OS - Virtualization
VMM(Virtual Machine Manager) = Hypervisor
QEMU is the default VMM of KVM, but can be replaced.
Type-1: bare metal hypervisor
- hypervisor runs directly on the host's hardware.
- e.g. XEN, Hyper-V(used in Windows 10), VMware ESX/ESXi
Type-2: hosted hypervisor
- hypervisor runs on a conventional operating system, a guest operating system runs as a process on the host.
- e.g. VMware Workstation, VirtualBox, QEMU
KVM, as name suggests, is kernel-based, so can be considered as both Type-1 and Type-2.
OCI, Open Container Initiative, defined 2 specs, so different tools can be used to pack/unpack and run by different runtimes:
Container = Operating system level virtualization
- Docker initially used
liblxcbut later changed
- Linux Containers (LXC): on top of cgroups. operating system–level virtualization technology for running multiple isolated Linux systems (containers) on a single control host (CoreOS instance).
- cgroups: provides namespace isolation and abilities to limit, account and isolate resource usage (CPU, memory, disk I/O, etc.) of process groups
- LXD is built on top of LXC, using
- Paravirtualization: guest OS knows that it is running on a hypervisor instead of base hardware,recognizes that other virtual machines are running on the same machine
- Hardware Virtual Machine (HVM): guest OS thinks that it is running directly on the hardware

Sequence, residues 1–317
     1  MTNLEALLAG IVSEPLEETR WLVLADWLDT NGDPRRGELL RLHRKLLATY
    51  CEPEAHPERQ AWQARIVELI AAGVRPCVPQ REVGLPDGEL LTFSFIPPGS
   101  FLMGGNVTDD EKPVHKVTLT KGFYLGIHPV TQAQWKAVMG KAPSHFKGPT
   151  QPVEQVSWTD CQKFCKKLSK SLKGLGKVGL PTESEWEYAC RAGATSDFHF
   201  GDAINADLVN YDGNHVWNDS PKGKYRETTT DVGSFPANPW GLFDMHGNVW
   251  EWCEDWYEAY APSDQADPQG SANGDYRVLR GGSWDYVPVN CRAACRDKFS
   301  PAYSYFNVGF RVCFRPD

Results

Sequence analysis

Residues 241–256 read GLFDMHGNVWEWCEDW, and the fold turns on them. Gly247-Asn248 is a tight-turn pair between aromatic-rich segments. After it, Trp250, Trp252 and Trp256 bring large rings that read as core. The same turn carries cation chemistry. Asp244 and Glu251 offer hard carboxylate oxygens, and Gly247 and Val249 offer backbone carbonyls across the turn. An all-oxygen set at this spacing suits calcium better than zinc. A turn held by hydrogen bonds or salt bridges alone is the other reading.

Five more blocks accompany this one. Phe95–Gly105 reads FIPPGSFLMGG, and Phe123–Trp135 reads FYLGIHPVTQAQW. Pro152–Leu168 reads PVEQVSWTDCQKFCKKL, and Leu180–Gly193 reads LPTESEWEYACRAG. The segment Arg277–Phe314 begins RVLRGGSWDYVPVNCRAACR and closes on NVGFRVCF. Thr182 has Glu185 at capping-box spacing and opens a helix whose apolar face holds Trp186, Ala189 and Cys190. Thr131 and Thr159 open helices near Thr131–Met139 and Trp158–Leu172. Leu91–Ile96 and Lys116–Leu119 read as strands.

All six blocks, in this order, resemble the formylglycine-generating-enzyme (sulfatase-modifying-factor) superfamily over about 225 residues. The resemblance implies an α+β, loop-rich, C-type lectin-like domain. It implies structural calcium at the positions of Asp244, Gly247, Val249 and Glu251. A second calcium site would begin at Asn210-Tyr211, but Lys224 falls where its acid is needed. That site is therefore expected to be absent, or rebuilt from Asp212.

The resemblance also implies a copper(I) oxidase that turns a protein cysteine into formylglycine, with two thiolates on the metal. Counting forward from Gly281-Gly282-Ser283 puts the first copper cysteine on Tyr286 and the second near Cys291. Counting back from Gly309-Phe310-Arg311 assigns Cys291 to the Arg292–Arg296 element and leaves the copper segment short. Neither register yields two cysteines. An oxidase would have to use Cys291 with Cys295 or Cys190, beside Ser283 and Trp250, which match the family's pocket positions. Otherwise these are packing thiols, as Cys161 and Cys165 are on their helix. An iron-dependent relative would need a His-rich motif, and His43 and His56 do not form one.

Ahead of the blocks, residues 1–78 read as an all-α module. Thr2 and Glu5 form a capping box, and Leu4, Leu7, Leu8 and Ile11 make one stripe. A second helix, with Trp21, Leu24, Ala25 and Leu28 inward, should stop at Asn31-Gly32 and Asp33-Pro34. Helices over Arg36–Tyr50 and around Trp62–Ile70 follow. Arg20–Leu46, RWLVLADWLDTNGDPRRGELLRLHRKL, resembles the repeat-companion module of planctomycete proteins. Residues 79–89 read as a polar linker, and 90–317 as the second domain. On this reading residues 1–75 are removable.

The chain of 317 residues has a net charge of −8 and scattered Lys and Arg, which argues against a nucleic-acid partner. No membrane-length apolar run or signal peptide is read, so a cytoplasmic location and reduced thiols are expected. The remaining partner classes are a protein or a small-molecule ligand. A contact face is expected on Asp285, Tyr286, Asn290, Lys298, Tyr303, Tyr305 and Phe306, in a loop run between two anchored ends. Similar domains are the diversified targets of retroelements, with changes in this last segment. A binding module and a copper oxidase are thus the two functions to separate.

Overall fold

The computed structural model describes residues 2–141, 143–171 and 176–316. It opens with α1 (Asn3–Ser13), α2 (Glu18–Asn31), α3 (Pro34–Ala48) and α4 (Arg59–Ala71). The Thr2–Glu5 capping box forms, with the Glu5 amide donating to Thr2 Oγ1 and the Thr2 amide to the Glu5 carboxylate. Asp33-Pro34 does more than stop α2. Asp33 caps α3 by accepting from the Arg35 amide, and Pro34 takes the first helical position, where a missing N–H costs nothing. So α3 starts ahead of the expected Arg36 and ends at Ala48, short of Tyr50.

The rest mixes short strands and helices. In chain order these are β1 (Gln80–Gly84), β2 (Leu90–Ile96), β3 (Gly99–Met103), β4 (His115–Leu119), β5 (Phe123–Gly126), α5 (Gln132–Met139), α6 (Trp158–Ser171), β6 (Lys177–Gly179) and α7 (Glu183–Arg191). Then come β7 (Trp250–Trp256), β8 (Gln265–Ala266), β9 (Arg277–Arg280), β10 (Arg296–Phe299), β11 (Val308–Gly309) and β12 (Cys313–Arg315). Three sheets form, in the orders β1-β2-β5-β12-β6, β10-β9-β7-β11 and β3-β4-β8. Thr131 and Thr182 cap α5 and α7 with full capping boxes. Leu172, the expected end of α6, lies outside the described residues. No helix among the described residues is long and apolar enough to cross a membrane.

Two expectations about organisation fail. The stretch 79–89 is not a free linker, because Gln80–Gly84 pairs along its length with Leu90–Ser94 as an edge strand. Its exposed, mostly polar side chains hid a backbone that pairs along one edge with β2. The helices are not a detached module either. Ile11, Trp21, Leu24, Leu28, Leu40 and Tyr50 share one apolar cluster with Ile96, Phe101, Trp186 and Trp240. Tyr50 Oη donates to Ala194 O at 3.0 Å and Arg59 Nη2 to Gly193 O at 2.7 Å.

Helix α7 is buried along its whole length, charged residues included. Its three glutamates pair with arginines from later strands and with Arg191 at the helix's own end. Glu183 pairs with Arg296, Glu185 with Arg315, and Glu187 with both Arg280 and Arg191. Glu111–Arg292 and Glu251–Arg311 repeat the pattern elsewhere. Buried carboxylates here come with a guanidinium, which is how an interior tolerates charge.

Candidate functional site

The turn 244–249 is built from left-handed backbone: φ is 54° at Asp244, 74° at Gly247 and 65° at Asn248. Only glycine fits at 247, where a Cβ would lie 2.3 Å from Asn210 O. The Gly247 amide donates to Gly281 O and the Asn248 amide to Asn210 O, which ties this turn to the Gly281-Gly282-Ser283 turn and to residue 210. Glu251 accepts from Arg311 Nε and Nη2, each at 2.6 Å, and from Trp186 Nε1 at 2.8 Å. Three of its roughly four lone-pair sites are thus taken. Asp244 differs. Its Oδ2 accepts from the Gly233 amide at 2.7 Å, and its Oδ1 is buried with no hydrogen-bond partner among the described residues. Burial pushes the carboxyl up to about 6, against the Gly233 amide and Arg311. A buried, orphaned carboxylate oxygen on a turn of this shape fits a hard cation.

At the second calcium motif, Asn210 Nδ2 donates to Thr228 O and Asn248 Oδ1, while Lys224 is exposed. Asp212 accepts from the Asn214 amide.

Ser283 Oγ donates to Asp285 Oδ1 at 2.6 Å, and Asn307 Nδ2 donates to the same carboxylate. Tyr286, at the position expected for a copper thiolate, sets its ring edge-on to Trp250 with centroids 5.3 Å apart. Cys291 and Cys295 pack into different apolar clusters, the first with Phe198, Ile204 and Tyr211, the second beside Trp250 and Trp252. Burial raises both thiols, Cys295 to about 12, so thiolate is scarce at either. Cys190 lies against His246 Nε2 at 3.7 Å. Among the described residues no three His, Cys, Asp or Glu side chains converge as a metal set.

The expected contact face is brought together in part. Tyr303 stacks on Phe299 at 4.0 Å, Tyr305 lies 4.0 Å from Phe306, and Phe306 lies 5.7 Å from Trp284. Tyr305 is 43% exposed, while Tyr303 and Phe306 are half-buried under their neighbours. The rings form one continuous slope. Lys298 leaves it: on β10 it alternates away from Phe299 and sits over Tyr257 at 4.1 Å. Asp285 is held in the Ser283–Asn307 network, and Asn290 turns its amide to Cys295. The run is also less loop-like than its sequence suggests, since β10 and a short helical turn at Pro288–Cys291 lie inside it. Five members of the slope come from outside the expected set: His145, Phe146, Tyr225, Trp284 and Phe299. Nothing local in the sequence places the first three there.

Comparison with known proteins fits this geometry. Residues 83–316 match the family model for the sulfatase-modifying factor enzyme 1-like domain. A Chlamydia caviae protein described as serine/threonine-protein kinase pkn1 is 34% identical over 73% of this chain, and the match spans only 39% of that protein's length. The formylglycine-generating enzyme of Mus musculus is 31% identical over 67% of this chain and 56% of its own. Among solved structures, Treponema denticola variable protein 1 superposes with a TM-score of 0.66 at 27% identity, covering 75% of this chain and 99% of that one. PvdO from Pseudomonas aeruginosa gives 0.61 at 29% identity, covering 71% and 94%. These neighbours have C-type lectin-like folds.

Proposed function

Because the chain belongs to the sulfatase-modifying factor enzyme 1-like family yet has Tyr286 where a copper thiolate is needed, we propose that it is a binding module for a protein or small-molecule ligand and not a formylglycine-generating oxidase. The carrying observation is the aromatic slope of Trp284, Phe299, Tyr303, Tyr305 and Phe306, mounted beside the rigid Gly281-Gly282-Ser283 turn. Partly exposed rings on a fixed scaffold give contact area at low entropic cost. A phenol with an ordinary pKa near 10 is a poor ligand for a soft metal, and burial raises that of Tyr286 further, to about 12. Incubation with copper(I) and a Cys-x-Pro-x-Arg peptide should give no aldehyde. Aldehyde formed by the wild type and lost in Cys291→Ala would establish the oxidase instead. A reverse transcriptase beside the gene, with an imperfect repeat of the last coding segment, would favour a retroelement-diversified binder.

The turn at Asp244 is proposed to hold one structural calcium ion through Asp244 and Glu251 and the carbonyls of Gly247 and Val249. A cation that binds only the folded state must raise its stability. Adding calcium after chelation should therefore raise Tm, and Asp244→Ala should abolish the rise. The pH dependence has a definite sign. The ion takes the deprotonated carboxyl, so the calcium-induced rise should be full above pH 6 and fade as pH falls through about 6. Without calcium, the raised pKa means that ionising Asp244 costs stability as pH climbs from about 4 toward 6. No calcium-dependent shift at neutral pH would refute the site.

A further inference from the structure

Xen supports 2 virtualization types, ( Meaning Amazon supports 2 types as it runs on Xen )
- Xen Para-virtulaization ( PV )
- Xen Full virtualization ( HVM )
HVM stands for Hardware-assited Virtual Machine.
Para-virtulaization ( PV )
- An OS or Kernel called Hypervisor is installed on the hardware.
- Dom0 is called the “privilged domain” which can issue commands to the hypervisor.
- Stability/Performance is close to the real servers and hardware virtualization.
- Overhead is very low
- Implementation is tough.
- Both the host & guest kernels has to be patched.
- Supports Linux only
- can’t change the OS options during install.
- Can’t compile and install a custom kernel
Stands for Hardware-assisted virtual machine. It provides complete hardware isolation. The hardware provides support to run independently for each OS
- Can run Linux and Windows
- Complete secure hardware isolation
- Resembles close to a physical server.
- Greater stability
- Low performance, because of the overheads at the hardware level